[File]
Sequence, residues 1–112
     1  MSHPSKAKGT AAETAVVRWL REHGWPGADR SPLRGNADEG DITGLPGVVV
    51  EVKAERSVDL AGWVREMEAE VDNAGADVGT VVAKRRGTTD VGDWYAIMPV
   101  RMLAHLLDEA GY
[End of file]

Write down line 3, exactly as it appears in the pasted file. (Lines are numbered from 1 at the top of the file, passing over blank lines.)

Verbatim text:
    51  EVKAERSVDL AGWVREMEAE VDNAGADVGT VVAKRRGTTD VGDWYAIMPV